Paid links are a fundamental part of ranking in competitive verticals

by Peter Young on October 7, 2010 · 7 comments

Shock, horror!!!. At Holistic Search we have recently run a poll on the site which we put out to the general public. The question we posed was whether or not it was possible to rank in super competitive sectors (such as car insurance, gambling, loans etc) without using paid links. I have my own views on this which I will cover later, however it was interesting gauging the feedback from an initial Twitter Sample against that from the integrated poll on the Holistic Search website.

[poll id=8]

Before we go any further it may be worth highlighting what I would constitute as a super competitive market

  • Mature organic market
  • High number of high profile organisations. Credit cards for example was not included due to the number of potential competitors
  • Generally very high CPC which restricts the number of entrants and coverage an organisation can get (without blowing the budget)
  • Often are ‘jackpot’ terms within a particular vertical/sector. For example – Car Insurance searches far outweigh that of similar and further qualified search terms
  • Previous histories of organisations erring on the ‘grey’ side of SEO

Response: Is it possible to rank on a super competitive phrase without paid links

Contrary however to the earlier Twitter poll I ran before the start of the poll on Holistic, the result of this one suggested many Holistic Search browsers thought it impossible to rank a site on a competitive keyword phrase without incorporating paid links into the overall link acquisition strategy with votes suggesting it was impossible outnumbering those against by nearly 2:1.

Interestingly, having run each other close for much of the duration of the poll, the trend of the poll changed significantly after the post was published regarding ‘Link Building in competitive verticals – are you scaling enough‘ with subsequent votes suggesting that paid links were a massive part of super competitive link strategies and one would have to use fire against fire.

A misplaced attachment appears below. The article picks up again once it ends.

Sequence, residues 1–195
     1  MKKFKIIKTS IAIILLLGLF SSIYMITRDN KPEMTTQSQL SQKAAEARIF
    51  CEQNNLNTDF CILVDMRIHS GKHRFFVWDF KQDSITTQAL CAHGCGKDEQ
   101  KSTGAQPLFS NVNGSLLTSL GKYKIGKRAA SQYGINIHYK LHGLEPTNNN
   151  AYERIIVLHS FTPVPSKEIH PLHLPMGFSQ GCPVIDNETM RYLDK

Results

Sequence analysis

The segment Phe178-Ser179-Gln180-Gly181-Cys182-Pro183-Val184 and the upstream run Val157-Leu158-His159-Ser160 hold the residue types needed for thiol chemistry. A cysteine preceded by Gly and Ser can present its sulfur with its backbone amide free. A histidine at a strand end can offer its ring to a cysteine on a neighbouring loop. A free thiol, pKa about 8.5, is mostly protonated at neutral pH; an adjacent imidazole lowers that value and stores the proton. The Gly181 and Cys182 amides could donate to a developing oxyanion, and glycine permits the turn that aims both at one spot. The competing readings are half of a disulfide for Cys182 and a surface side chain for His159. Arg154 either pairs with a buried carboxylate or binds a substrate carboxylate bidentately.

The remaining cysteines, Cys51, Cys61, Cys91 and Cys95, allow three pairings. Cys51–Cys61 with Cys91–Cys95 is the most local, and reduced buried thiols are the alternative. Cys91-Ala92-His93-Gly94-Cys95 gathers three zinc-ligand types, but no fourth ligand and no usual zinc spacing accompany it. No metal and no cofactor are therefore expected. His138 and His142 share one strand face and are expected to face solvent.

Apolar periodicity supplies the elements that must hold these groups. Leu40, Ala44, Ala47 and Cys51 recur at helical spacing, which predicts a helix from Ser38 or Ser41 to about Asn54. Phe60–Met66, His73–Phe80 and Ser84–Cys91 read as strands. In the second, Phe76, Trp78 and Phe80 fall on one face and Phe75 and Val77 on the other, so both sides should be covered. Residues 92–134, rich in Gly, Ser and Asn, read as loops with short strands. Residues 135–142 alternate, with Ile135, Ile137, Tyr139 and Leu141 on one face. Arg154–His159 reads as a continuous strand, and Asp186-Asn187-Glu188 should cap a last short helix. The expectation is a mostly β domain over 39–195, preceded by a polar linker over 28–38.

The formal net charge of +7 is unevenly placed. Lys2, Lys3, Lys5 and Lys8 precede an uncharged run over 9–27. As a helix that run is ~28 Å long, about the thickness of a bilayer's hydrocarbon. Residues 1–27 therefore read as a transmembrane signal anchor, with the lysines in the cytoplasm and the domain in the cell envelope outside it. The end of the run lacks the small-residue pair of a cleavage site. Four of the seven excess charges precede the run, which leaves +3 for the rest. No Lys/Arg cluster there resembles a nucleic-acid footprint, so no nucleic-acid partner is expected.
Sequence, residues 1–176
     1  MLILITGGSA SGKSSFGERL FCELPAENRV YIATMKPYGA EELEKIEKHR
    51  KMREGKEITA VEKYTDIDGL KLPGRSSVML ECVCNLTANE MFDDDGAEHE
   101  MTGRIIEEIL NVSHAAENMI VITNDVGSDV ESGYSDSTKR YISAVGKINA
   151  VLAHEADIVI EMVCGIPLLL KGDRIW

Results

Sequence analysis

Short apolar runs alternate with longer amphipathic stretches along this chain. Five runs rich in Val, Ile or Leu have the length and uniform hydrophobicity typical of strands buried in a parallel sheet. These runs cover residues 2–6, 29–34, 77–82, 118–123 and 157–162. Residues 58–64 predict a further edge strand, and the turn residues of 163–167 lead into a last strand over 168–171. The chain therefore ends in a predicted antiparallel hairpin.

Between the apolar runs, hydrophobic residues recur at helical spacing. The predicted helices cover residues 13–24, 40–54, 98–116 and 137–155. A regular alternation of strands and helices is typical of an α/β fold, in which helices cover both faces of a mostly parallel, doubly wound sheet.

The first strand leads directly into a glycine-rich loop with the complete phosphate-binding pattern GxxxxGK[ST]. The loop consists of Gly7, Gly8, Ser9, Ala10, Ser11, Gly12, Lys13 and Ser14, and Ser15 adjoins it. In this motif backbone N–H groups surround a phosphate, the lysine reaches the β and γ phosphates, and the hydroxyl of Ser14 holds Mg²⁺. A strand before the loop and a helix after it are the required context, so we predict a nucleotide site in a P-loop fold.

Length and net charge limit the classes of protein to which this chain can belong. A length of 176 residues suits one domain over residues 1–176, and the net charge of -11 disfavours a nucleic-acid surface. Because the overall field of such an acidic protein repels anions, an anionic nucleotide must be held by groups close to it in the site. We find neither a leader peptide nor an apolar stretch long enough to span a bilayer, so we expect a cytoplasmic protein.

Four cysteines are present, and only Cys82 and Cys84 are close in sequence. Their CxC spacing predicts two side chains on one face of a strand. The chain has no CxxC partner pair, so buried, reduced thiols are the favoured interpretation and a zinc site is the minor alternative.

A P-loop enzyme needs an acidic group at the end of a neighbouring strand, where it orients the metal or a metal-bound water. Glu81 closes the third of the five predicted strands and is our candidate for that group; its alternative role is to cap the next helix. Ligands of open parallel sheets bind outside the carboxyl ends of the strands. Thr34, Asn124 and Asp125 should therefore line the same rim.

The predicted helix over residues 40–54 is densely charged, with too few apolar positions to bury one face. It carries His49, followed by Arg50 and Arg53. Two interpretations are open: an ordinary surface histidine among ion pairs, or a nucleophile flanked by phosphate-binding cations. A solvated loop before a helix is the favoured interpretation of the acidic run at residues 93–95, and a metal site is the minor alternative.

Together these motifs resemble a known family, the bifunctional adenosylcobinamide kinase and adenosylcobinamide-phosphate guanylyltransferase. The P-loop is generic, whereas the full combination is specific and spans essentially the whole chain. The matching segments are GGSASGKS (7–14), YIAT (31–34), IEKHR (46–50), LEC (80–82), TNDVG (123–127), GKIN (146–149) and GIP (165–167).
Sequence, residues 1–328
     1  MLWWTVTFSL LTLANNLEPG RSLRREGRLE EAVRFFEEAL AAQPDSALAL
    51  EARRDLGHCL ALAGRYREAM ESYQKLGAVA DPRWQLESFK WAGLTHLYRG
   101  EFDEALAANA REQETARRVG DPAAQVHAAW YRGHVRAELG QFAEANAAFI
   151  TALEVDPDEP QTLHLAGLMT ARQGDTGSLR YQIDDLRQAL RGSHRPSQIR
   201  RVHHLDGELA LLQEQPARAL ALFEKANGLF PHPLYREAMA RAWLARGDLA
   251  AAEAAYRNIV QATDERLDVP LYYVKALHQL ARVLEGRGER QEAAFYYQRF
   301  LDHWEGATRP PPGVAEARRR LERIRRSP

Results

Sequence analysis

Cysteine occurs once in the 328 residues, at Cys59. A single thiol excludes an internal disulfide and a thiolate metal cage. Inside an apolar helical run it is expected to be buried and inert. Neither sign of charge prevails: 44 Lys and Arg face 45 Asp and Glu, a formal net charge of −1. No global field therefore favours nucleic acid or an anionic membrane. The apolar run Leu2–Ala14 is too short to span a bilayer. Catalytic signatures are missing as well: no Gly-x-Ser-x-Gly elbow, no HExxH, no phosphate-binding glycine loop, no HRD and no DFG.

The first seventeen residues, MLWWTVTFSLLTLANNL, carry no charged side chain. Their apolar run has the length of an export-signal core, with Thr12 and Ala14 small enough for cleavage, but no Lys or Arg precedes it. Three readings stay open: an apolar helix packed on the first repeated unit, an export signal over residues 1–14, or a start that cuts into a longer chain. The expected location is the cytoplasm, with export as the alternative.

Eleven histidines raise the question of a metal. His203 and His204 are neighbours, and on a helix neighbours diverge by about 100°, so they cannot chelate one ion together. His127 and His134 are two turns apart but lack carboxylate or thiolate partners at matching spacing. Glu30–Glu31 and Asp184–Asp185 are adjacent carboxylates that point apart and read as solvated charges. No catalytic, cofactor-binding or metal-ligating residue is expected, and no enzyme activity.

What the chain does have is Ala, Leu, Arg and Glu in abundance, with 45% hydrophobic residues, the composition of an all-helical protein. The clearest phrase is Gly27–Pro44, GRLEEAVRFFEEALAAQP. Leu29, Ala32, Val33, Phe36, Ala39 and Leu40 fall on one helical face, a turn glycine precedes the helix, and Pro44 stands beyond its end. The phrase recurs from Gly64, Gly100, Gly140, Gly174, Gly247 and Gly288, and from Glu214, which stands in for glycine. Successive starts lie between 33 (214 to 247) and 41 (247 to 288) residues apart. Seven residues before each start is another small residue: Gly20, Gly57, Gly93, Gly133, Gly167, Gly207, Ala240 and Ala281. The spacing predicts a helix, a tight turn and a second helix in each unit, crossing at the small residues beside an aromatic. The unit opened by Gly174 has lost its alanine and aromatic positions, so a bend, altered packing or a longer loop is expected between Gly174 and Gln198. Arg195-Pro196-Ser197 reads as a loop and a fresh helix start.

Response: Poll response by day - Yes vs No

This would suggest two things

  • Google is not as clever at identifiying paid link patterns as many people think
  • There is more of a widespread acceptance of *cough* paid links than many would suggest

Paid links are a debate that are is not going to go away. Increasingly there is a sentiment Google are moving away from pure linkage signals and factoring more behavioural and social factors into the algorithm, however one can’t help but feel – for the moment at least that within super competitive verticals – that if content is king, paid links are pretender to the throne that just won’t go away.

Google+ Comments

{ 7 comments… read them below or add one }

Terry Van Horne October 7, 2010 at 2:40 pm

ha… bet in the survey that showed 2:1 it was peeps who buy links who voted. Buying links is a short term solution to long term problem! It is generally a technioque used by those with the inabilty to fashion real content strategy and execute. The big tell… recently removed paid links from a site… guess what nothing happened why… cuz paid links are useless in an enviroment where pages are segmented. Contextual links…. shouldn’t change much so weven if you buy those if they start changing… Google knows!